The radio alarm woke me the morning of June 6, 1968. I listened to the news, silently wept and pulled the covers over my head. I couldn’t get out of bed. After some time, my mother came in to see why I wasn’t up yet. “They got Bobby”, was all I could get out between my tears. Eventually I got up and got on with my day. It was almost the end of the school year and I listened to Ted’s beautiful eulogy for his brother while sunning myself in the backyard. Somehow, my life would go on, even though the world had changed in ways I didn’t yet understand. The liberal dream was never the same, but 50 years later, we can only imagine what life might have been like had RFK lived.
The year began for me with auditions for “Bye Bye, Birdie”. I was truly upset that I didn’t get the role of Kim, the 16 year old who is chosen to go on the “Ed Sullivan Show” and be kissed good bye by Conrad Birdie before he enters the Army. I was called back for the role, but it went to Freshman Debbie Lakin, the sullen girl I knew from my cabin at Camp Nahelu in 1963. She will show up in a photo and story in a few weeks. In my opinion, she wasn’t nearly as qualified for the role as I was, but they didn’t ask my opinion. I did meet Rick Hartsoe, new to the school, director of the top choir and our musical director. He’d be my choir conductor for my remaining high school years and my friend to this day.
I had the role of Randi, Kim’s little sister (the role was originally a little brother, but never mind). I was also in all the teenager scenes, so got to sing “The Telephone Hour”, “Got a Lot of Living”, but also “Hymn for a Sunday Night” (“Ed Sullivan…we’re gonna be on Ed Sullivan”), and “Kids”; classic songs. The show was lots of fun and I made friends for life; John Zussman was the rehearsal pianist and Patti Peters (now Zussman) was choreographer. Truly, friends of a lifetime.
This photo depicts Hugo, Kim’s steady boyfriend after he knocks out Conrad. I am the girl just to the left of center, being comforted by my mother, looking horrified, with knee bent. Also in this photo was my other best friend – since 8th grade and other future bridesmaid – Debbie Fauman Horwitz, leaning way over with fingers in her mouth.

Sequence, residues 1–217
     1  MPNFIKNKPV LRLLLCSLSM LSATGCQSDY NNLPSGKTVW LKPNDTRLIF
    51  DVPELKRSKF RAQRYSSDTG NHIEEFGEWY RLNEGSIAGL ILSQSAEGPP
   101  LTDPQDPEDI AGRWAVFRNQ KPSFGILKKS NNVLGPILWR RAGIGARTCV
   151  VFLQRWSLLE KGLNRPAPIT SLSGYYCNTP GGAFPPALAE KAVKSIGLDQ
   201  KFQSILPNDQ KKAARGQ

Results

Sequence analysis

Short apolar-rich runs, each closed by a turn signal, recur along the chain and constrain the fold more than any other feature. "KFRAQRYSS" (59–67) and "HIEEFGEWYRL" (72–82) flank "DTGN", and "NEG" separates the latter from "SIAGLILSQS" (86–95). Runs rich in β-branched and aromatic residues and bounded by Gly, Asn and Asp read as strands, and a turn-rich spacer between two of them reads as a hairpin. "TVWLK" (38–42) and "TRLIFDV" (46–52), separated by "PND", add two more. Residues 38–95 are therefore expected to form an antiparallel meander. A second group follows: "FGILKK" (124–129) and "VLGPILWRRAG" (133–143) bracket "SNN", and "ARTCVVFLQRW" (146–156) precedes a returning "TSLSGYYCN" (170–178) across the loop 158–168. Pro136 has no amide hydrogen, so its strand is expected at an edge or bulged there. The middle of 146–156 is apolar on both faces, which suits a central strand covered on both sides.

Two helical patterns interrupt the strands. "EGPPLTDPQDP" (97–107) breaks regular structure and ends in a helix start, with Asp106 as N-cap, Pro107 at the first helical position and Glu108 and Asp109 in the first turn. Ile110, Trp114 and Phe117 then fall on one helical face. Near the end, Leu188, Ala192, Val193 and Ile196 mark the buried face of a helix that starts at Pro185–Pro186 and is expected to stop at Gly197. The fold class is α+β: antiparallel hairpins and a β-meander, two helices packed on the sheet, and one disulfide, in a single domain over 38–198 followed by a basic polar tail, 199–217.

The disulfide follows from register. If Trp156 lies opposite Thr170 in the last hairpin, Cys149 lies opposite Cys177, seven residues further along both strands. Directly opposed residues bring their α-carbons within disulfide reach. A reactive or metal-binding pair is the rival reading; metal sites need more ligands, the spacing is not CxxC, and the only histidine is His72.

Throughout 10th grade, in religious school, we prepared to be confirmed into our religion. At the time this was a big deal in Reform Judaism. It took place on the holiday of Shavous, which celebrates the giving of the Ten Commandments and usually takes place in early June. Several of us wrote parts of the service. I still have that program. Since my congregation was not yet performing bat mitzvot (for girls), this felt important and meaningful. My parents had a big party at our house in the evening to celebrate and, in my grandmother’s name (though she wasn’t aware enough to realize it), I was given a lovely garnet ring which I still have tucked away. My grandmother passed away a few months later, not even remembering my name. The last time I saw her, she was bound to a chair so she wouldn’t wander and she called me “Little Girl”. I vowed I would never let that happen to my mother and, decades later, I kept that promise.
Later in the month I went off to my beloved National Music Camp in Interlochen, Michigan for the fifth summer. I majored in acting, and had a small role in “Hamlet”, sang in the choir, took a dance class after lunch and, of course, Operetta later in the afternoon. We performed “Princess Ida” that summer, one of the more operatic of the Gilbert and Sullivan repertoire and one of the few in three acts. I was thrilled because, unlike most, this one had a few speaking parts and I had the role of Chloe, so I wasn’t just “chorus” and my name was actually in the program! The Featured photo is in the third act, as we prepare for war against the men. I am on the right…we are singing, “Please you do not not hurt us…” (hence the long face). We aren’t nearly as fierce as our leader would like us to be. Second from the left is Marcy Zussman, John’s sister, with whom I was quite friendly. We lived around the corner from each other back home also. The production was quite brilliant and a life-long friend had a lead, while other great friends were in the chorus. I will see several this summer as we return to camp to celebrate the life of Dude Stephenson, our beloved operetta director, recently deceased. As was custom, camp ended with a tearful rendition of Liszt’s “Les Preludes”, always the last piece performed by massed orchestras, choirs and dancers. The singers hum along on the last few measures, which include a high “C” and our conductor, Mel Larimer, always called it “murder on the high C”! It didn’t matter, we were all sobbing by that point. The summer had drawn to a close.
I returned to Royal Oak Dondero High School for 11th grade, was finally in A Cappella choir, to my delight and auditioned for the autumn play, “Arsenic and Old Lace”. I got the role of Elaine, the girl next door and fiancee to Mortimer, the lead (played by Cary Grant in the movie, which was much more slap-stick than the play). My favorite line from the show was: “Insanity runs in my family, it practically gallops.” I knew just what that meant. I liked this role, dated the bad boy who played the Jonathan/Boris Karloff character for a while. I also did his make-up for the play. Here is a photo of us after a performance, along with another friend. I made all the scars on his face.
In December, I turned 16. My parents had a Sweet 16 party for me and my girlfriends at a Swedish smorgasbord restaurant. It was a thing that year. Chanukkah came and soon the year was over. Yes, all in all, an up and down year for me. I didn’t even discuss the political upheaval of the country. I was caught up in my theatrical world.
Retired from software sales long ago, two grown children. Theater major in college. Singer still, arts lover, involved in art museums locally (Greater Boston area). Originally from Detroit area.